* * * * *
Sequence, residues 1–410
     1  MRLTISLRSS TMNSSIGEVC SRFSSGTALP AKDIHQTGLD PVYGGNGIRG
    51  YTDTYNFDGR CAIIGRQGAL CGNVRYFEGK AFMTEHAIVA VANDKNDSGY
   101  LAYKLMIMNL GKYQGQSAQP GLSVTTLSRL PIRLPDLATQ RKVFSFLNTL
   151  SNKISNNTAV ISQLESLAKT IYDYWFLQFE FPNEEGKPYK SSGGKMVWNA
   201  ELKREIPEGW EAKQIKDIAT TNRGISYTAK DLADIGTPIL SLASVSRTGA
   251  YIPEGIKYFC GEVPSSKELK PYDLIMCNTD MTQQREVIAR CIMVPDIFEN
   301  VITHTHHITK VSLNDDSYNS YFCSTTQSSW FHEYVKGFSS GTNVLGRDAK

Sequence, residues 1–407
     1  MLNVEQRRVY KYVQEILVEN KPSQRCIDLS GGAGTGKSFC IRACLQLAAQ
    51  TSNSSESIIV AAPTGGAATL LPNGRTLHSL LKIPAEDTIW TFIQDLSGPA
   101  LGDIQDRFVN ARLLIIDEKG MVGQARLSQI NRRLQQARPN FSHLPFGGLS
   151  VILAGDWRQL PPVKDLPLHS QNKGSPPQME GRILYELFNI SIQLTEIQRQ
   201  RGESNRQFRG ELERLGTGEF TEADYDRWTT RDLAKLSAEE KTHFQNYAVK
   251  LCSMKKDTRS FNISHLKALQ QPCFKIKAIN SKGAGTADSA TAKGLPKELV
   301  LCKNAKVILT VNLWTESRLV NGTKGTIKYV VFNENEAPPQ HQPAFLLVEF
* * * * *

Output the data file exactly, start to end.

Sequence, residues 1–410
     1  MRLTISLRSS TMNSSIGEVC SRFSSGTALP AKDIHQTGLD PVYGGNGIRG
    51  YTDTYNFDGR CAIIGRQGAL CGNVRYFEGK AFMTEHAIVA VANDKNDSGY
   101  LAYKLMIMNL GKYQGQSAQP GLSVTTLSRL PIRLPDLATQ RKVFSFLNTL
   151  SNKISNNTAV ISQLESLAKT IYDYWFLQFE FPNEEGKPYK SSGGKMVWNA
   201  ELKREIPEGW EAKQIKDIAT TNRGISYTAK DLADIGTPIL SLASVSRTGA
   251  YIPEGIKYFC GEVPSSKELK PYDLIMCNTD MTQQREVIAR CIMVPDIFEN
   301  VITHTHHITK VSLNDDSYNS YFCSTTQSSW FHEYVKGFSS GTNVLGRDAK

Sequence, residues 1–407
     1  MLNVEQRRVY KYVQEILVEN KPSQRCIDLS GGAGTGKSFC IRACLQLAAQ
    51  TSNSSESIIV AAPTGGAATL LPNGRTLHSL LKIPAEDTIW TFIQDLSGPA
   101  LGDIQDRFVN ARLLIIDEKG MVGQARLSQI NRRLQQARPN FSHLPFGGLS
   151  VILAGDWRQL PPVKDLPLHS QNKGSPPQME GRILYELFNI SIQLTEIQRQ
   201  RGESNRQFRG ELERLGTGEF TEADYDRWTT RDLAKLSAEE KTHFQNYAVK
   251  LCSMKKDTRS FNISHLKALQ QPCFKIKAIN SKGAGTADSA TAKGLPKELV
   301  LCKNAKVILT VNLWTESRLV NGTKGTIKYV VFNENEAPPQ HQPAFLLVEF